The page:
Sep 192017


We are currently celebrating the twentieth anniversary of the referendum that gave us devolution. Ron Davies described it at the time as “a process not an event”, but little if any progress has been made.

In yesterday’s Llais y Sais Ron Davies was allowed to explain why he thinks devolution has failed to deliver, why it has not improved the lives of Welsh people. This seems to have been a print version of what he said the day before on radio (06:00) and television (15:26).

Llais y Sais allowed Carwyn Jones to respond, and his response was pathetic; hiding behind the shade of Rhodri Morgan and talking of increased powers rather than addressing the point raised by Ron Davies, which was that Wales is worse off today – in terms of wealth, health, education and other indices – than she was 20 years ago ergo devolution has failed to deliver. Few outside the Bay Bubble would disagree with Ron Davies.

But lurking in the shadows I perceive another threat, an existential threat to the continuing existence of Wales. A threat made easier to carry out because devolution has failed and because so many people in certain parts of Wales feel that devolution has delivered nothing for their area.


Unlike Ireland and Scotland Wales does not have geography or topography on her side, we have a long border with England  and all but one of England’s major population centres are within two hours travelling time of Wales.

This plan for a ‘North Wales Metro’ rather gives the game away (click to enlarge)

Which made it relatively easy for Roman, Norman and English invaders to detach the more fertile, lowland areas from our control, largely confining our ancestors to the uplands. That Welsh nationhood survived was largely due to the fact that Wales had little else invaders coveted.

This helped preserve Welsh identity until the arrival of industrialisation, which impacted on areas that were overwhelmingly Welsh in character, and while the new-found prosperity naturally attracted immigrants these were largely assimilated. But time, an English education system, the resultant decline of the Welsh language, colonisation, tourism, lack of national leadership and other factors have taken their toll, to the point where plans are now being drawn up to finally do away with Wales altogether by dismembering our country.

Of course, these plans will never be called by their true name, they will always be presented as being ‘beneficial to Wales’.

Let’s start in the north east. The decline started with the arrival of the railways, and with them mass tourism. The Rhyl station of the Chester & Holyhead Railway Co opened on 1 May 1848. In the more industrial areas closer to the border Anglicisation took a different form with the importation of English workers and the banning of the Welsh language. Perhaps the most notorious example were the events that provoked the Mold Riots of 1869.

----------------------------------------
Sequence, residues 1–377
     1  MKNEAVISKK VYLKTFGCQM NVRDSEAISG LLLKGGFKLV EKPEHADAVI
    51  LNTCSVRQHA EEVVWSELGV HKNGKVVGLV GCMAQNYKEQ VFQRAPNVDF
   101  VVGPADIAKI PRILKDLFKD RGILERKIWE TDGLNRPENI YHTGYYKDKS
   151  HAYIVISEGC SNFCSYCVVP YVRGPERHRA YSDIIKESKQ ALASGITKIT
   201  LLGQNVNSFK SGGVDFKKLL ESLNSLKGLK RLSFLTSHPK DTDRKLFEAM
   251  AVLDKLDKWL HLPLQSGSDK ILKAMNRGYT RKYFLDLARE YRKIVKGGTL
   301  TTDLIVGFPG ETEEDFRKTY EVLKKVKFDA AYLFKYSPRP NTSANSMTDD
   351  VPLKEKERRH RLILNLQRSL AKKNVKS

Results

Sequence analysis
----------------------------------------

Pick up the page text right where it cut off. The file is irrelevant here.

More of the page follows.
Despite it all, the north east remained Welsh, but it was inevitable that the factors I’ve mentioned eventually took their toll. The Flintshire of Daniel Owen, David Lloyd and Emlyn Williams is gone, replaced by what can often be mistaken for semi-rural suburbs of Merseyside.

Rhyl, the once-bustling holiday resort, is now a dumping ground for English criminals, with the town’s streets haunted by drug-addicts and their dealers. (The only plus would appear to be that the gangsters are killing each other quite regularly.) The same fate has befallen smaller communities on the north coast. And as this chaos wreaks havoc on Welsh communities Welsh politicians have done nothing.

So we arrive at the point where someone asks, ‘Oh dear, what can we do to ‘revitalise’ this region? I know! we’ll have closer cross-border co-operation.’ This was certainly the recommendation of the ‘Welsh’ Government’s City Regions Task and Finish Group’s Final Report, the group chaired by Elizabeth Haywood.

Who is Elizabeth Haywood? You don’t remember voting for this woman who wants to dismember Wales? Of course you never voted for her, nobody did; she’s Mrs Peter Hain, or Lady Hain, I suppose, since the Orange Man was ennobled. (You really should get all silly ideas about democracy and accountability out of your head, they’ll only confuse you in one-party Wales.)

The Mersey Dee Alliance to which Lady Hain refers is a body that has been in existence for some time, though it seems to have a strange idea of Welsh geography, or to go by this map that appeared on the MDA website it doesn’t accept the existence of Wales at all.

The prospect of our north east (or the whole north) being swallowed up by north west England would be bad enough, but as I explained last month in Gwynedd LDP, and Wider Considerations, the threat is not restricted to the old unitary authority of Clwyd.

Nor is this encroachment, this gradual takeover, confined to the north. If anyone was in any doubt about that, then statements made over the past few days should have made the threat very clear.


One of the great conundrums of Welsh politics concerns the role of Secretary of State for Wales, and boils down to the question: ‘Is the Secretary of State for Wales the voice of Wales in the cabinet or the voice of the cabinet in Wales?’

Different Secretaries of State have provided different answers, but the current incumbent of that post, Alun Cairns MP, is most definitely – and perhaps more emphatically than any predecessor – the voice of the cabinet in Wales. Little more than a mouthpiece, but because he is a mouthpiece, we can more easily tell the plans of those who put the words into his mouth.